Self-awareness is a necessary part of healing. Without awareness, we’d live a life perpetuating the patterns that can work against us in various ways emotionally, relationally, behaviorally, or otherwise. Being able to reflect on ourselves emotionally, where we come from, how we relate to others, and so on is an important skill to develop in therapy and to make use of in daily life. However, people often misunderstand that self-awareness is one significant part of the healing process. It isn’t the only or end goal.
I’ve worked with many people in my practice who, at the beginning of their therapy, have told me that they were already coming in really self-aware and weren’t sure why they weren’t feeling better emotionally or in other ways in their lives yet. People often believe that if they are self-aware (there are many degrees to self-awareness, but that’s a conversation for another time) that this is what’s supposed to automatically heal the wounds we carry. That you figure out important connections in therapy, and then you’re supposed to feel better. However, while the importance of making these connections cannot be overstated, there is generally more that happens between making the connections and arriving at the place of relief and healing.
Think for a second about cooking a delicious meal that once you eat it will be satisfying and will nourish your craving. Self-awareness is essentially the food shopping. It is a necessary and important step in order for the meal to happen, but it doesn’t mean you’re ready to eat yet. Once you have the ingredients, then you can use them to cook the meal, and then eat it and enjoy it.
Self-awareness helps us understand how we operate and how we respond internally and externally to the world around us. It lets us know who we are, what we carry with us emotionally and relationally from earlier in our lives, what we value, what we want to change and improve, what impacts us emotionally and how it impacts us, what gets in our way in life, what helps us move forward, how and what stands in our way of moving forward (including how we may contribute to this, as well), and so on.
In the process of therapy, self-awareness is both the key that opens the door and also the light shining on the path which shows us where we need to be focusing our attention in order to do the deeper emotional healing. When dots are connected and awareness of ourselves grows, this highlights where the stored and stuck emotions tend to be living (relative to anxiety, depression, panic, relationship struggles, intimacy, self-sabotage, and so on).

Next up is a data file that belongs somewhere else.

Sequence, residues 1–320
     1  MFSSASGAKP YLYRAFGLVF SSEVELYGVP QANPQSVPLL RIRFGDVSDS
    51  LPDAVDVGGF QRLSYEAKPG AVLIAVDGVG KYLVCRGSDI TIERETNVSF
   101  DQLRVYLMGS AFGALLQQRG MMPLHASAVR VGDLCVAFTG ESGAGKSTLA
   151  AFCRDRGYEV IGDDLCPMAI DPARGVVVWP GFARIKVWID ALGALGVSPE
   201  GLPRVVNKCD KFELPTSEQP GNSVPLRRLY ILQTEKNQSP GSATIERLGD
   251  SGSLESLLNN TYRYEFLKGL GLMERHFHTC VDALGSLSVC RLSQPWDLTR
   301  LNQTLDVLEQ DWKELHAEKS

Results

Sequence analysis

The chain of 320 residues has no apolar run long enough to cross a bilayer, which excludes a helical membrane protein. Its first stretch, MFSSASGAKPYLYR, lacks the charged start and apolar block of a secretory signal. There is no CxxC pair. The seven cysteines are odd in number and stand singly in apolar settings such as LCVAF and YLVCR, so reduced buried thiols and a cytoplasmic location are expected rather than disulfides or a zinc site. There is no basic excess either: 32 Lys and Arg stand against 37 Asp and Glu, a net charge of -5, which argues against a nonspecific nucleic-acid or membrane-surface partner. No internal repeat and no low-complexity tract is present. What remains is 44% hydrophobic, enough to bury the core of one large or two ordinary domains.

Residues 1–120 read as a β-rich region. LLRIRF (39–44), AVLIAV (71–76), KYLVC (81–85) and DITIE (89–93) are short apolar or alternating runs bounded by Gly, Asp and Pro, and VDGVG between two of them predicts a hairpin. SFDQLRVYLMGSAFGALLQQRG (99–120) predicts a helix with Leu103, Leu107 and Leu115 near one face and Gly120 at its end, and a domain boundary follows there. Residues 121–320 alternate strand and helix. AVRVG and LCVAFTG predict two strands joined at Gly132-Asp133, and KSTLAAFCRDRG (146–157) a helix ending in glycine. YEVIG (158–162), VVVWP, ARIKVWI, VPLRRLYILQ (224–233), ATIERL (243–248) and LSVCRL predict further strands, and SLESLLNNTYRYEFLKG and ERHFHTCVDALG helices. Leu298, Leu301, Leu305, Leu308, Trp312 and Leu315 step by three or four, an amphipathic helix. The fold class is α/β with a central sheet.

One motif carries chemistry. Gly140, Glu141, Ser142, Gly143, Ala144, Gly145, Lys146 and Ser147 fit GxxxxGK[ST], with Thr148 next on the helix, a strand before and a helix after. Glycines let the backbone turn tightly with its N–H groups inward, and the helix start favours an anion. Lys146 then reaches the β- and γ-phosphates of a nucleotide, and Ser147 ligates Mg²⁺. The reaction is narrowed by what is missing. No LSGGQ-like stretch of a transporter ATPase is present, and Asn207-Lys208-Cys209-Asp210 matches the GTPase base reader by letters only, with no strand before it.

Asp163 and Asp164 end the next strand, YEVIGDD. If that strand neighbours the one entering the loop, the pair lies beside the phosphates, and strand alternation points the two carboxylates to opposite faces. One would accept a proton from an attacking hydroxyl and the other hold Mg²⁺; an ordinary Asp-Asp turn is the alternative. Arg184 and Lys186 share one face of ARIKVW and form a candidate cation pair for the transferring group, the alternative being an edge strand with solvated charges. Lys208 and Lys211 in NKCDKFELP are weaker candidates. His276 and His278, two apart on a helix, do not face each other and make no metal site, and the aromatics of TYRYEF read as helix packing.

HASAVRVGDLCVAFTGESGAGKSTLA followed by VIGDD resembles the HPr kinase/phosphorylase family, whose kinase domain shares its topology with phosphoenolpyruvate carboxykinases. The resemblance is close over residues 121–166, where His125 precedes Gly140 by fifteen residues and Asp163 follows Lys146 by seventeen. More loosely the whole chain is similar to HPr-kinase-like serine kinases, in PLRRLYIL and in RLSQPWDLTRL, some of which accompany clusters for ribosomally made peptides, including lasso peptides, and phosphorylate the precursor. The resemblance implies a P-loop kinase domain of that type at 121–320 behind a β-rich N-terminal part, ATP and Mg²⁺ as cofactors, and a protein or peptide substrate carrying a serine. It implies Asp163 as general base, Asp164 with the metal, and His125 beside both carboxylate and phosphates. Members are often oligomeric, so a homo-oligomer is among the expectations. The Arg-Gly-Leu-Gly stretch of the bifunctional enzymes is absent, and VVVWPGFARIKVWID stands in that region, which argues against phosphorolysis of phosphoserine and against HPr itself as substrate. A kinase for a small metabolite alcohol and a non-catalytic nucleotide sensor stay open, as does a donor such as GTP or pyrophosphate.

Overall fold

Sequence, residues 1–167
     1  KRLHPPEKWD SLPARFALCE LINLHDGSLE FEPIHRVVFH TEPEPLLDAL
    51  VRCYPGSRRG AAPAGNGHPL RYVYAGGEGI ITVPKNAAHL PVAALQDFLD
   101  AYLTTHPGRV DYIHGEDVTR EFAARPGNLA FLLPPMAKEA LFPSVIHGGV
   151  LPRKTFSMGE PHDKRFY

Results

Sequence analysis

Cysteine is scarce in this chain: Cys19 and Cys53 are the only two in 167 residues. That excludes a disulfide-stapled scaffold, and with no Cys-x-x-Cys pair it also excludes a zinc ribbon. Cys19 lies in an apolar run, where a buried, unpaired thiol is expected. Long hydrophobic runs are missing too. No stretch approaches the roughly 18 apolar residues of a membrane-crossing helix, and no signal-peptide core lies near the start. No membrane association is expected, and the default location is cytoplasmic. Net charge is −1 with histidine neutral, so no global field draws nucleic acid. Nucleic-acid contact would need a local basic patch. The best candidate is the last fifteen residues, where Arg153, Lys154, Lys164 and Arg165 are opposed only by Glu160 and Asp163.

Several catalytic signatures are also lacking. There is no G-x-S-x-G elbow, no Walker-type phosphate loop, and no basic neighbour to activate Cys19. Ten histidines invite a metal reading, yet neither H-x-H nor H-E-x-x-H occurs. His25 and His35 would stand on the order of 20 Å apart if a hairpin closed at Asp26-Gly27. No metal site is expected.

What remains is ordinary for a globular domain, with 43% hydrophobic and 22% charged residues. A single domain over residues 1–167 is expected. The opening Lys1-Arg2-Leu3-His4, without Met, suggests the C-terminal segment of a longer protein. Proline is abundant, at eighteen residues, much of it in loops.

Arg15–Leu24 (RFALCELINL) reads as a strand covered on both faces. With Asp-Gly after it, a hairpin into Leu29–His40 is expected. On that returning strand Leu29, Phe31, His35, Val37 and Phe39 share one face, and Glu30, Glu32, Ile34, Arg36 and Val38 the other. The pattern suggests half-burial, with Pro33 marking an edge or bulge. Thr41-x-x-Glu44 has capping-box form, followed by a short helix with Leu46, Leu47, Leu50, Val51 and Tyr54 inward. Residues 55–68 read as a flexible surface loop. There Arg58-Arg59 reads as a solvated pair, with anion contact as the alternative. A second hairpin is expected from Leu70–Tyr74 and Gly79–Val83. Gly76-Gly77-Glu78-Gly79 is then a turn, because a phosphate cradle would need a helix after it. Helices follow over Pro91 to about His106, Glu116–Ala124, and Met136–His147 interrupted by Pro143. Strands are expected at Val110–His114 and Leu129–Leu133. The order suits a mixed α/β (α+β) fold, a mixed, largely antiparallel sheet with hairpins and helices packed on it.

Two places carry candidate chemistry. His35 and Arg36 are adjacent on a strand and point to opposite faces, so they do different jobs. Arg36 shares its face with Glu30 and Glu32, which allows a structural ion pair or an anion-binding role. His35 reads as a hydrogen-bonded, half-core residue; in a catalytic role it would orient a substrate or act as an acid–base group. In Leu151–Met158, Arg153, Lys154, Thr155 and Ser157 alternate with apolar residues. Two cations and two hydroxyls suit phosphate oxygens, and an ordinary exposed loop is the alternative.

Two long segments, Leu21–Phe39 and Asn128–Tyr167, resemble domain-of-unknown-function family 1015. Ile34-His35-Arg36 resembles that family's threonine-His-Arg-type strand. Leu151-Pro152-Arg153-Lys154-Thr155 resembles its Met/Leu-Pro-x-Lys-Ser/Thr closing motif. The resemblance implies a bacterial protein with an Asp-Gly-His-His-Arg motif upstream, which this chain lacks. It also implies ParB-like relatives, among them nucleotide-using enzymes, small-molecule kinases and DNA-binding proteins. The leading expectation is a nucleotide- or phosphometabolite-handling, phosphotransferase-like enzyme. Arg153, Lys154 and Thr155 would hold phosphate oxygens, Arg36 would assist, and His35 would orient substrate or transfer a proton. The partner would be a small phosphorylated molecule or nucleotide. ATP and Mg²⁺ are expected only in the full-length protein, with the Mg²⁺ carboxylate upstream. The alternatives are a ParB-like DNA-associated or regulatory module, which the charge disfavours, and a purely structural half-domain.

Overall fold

What often tends to happen in therapy is that people will make the mental connections, and then the emotions follow as the work continues. It is quite common for the mind and the emotions to be out of sync with each other, which can lead to struggles. So it doesn’t generally happen that both the mind and the emotions resolve at once (though sometimes making the connections in the mind can provide its own sense of relief, but not always). Making the mental connections is generally what allows the emotional work to engage with that stored emotion that leads to the emotional struggles that people experience. (And sometimes, it’s reversed where the emotions can lead the way. This is also its own conversation).
Keep in mind, however, that therapy isn’t a linear process. So don’t expect that you will start by “collecting” all of the awareness and then later take it and “cook it up” once you have gathered all of the awareness. It isn’t so cut and dry. But don’t be discouraged or disappointed if you connect a dot about something in your life and find that it doesn’t immediately resolve everything. It doesn’t mean your therapy isn’t working. In fact, making the connections means that the therapy is working. It’s a necessary part of the process. It just isn’t complete at that point.
Building awareness and using this as the entry into deeper emotional healing will happen throughout the process of therapy. A well-trained therapist will be able to go at your pace to support you while facilitating this process with you.